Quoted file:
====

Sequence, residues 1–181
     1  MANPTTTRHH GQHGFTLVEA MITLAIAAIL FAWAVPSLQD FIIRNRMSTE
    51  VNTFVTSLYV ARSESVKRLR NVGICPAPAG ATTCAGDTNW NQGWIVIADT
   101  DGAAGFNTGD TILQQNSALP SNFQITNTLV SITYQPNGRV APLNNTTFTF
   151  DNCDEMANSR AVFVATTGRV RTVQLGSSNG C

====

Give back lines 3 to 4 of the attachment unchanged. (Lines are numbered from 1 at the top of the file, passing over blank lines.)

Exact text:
    51  VNTFVTSLYV ARSESVKRLR NVGICPAPAG ATTCAGDTNW NQGWIVIADT
   101  DGAAGFNTGD TILQQNSALP SNFQITNTLV SITYQPNGRV APLNNTTFTF